Transgender Rights Activists Sylvia Rivera and Marsha P. Johnson to Be Honored With Public Monument in New York City

The monument hasn’t been commissioned yet, but LGBT rights activists Sylvia Rivera and Marsha P. Johnson will be honored for their organization that helps homeless gay youths and their leadership in the 1969 Stonewall rebellion.

The monument, which will be installed in Greenwich Village, is part of a wider program to diversify the public statues and monuments. In a country like the United States, where most monuments are to white men and oftentimes to racists, that’s going to be quite a feat.

Currently, there are over 1,000 monuments in New York City alone, and most of them are dedicated to dead white men. There are around 145 statues honoring historical male figures spread across the five boroughs but you can count on one hand the number of historical females represented — there’s Joan of Arc, Golda Meir, Gertrude Stein, Eleanor Roosevelt, and, most recently, Har­riet Tubman. Sylvia and Johnson will be a welcome addition.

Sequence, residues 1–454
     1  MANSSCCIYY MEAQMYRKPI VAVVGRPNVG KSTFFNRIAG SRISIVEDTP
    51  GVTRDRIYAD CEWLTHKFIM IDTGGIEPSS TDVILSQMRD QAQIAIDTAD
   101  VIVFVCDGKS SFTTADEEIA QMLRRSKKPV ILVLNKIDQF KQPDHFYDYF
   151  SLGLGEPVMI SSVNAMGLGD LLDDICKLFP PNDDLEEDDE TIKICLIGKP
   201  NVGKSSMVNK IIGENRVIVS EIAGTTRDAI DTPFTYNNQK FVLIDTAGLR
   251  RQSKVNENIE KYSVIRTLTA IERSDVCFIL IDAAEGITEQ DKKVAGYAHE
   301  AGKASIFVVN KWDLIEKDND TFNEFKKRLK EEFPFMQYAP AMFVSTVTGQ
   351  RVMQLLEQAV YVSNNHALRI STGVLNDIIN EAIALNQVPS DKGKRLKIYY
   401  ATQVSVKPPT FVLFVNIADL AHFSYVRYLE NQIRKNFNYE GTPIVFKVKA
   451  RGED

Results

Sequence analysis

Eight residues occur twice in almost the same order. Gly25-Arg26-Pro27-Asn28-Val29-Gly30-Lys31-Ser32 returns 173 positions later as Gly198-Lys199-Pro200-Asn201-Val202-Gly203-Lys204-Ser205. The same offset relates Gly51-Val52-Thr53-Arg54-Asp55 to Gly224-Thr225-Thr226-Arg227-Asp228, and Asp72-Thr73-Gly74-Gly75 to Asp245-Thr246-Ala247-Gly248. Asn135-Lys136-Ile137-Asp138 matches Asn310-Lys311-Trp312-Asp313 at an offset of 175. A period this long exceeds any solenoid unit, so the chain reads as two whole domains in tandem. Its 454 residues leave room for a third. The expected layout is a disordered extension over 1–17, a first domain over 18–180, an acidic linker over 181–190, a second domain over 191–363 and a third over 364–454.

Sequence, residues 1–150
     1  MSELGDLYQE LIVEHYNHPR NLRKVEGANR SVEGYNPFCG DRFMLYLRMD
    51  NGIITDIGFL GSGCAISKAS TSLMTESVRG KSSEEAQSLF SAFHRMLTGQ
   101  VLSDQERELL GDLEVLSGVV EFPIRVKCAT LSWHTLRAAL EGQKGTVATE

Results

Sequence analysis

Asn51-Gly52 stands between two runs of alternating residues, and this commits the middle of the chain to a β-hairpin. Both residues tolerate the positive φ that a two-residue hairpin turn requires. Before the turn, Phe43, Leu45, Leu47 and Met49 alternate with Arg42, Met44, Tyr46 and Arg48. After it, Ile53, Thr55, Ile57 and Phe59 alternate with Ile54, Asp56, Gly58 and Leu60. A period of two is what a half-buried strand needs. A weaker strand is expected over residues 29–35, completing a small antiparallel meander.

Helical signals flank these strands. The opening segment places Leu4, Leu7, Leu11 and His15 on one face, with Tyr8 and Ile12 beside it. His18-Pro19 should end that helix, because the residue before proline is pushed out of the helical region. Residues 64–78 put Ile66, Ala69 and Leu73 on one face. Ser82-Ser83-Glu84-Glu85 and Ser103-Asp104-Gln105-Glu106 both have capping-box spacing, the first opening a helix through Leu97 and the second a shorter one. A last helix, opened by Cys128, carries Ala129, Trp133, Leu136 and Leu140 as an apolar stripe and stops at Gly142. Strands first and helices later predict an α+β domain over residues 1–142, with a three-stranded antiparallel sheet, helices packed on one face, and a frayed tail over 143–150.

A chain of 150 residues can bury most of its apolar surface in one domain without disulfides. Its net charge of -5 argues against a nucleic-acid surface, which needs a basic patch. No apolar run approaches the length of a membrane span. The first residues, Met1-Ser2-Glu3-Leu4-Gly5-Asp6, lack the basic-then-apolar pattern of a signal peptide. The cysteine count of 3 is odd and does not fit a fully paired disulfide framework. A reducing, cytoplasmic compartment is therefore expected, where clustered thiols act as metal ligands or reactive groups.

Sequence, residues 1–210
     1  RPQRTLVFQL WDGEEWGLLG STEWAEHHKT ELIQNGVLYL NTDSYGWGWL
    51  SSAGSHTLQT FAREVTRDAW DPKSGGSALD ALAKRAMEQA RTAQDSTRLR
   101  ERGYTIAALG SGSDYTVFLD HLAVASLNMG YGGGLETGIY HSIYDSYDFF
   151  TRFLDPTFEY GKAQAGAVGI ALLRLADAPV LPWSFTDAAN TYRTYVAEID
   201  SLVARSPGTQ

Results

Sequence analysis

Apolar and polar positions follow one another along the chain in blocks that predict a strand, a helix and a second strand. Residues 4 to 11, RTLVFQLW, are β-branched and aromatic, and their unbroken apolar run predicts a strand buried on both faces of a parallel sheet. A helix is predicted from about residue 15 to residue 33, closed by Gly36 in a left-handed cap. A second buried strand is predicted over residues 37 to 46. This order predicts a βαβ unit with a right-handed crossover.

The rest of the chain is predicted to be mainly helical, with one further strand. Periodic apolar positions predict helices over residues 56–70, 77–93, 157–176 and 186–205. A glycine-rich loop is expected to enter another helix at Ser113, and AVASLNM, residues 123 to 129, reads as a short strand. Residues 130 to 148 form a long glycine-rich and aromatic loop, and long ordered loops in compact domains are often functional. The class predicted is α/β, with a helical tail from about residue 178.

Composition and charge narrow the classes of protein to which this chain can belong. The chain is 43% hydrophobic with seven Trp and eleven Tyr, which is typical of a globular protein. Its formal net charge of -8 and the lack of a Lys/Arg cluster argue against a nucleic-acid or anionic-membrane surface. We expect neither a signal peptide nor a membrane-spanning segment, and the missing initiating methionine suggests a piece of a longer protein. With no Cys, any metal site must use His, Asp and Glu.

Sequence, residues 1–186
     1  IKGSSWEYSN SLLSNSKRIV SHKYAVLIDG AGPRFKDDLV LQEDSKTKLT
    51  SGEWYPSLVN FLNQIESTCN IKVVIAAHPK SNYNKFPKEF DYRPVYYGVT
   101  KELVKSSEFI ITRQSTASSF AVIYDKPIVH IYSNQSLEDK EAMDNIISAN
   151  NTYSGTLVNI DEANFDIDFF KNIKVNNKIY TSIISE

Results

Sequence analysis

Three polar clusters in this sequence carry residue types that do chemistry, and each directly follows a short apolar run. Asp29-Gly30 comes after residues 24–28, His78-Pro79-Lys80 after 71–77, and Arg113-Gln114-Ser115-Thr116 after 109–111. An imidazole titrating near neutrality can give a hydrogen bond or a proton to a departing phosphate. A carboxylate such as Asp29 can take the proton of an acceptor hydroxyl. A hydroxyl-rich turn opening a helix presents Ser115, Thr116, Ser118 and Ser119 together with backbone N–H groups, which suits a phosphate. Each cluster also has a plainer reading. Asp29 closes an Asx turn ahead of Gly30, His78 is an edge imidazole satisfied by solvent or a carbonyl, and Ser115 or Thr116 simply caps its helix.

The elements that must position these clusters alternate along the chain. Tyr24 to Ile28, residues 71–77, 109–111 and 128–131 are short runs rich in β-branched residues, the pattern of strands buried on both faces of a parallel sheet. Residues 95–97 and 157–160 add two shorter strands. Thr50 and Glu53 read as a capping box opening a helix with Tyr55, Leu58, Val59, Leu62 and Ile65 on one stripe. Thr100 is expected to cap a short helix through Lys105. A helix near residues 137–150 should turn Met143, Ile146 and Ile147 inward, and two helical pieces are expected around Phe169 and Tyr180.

The monument will be paid for out of $10 million allocated for new public artworks and be only a block from the Stonewall Inn, according to the Washington Post.

Rivera and Johnson were also both champions of transgender rights and the rights of those with AIDS, though they died before the term “transgender” was even well-known. They founded the Street Transvestite Action Revolutionaries in 1970, a group that advocated for homeless gay young people.

Both women were familiar with life on the streets. They led difficult lives and were often homeless themselves.

Johnson died mysteriously. It was originally ruled a suicide when her body was pulled from the Hudson River in 1992 but was later changed to drowning from undetermined causes. Rivera died from liver cancer.

Johnson died at age 46 and Rivera died in 2002 at age 50.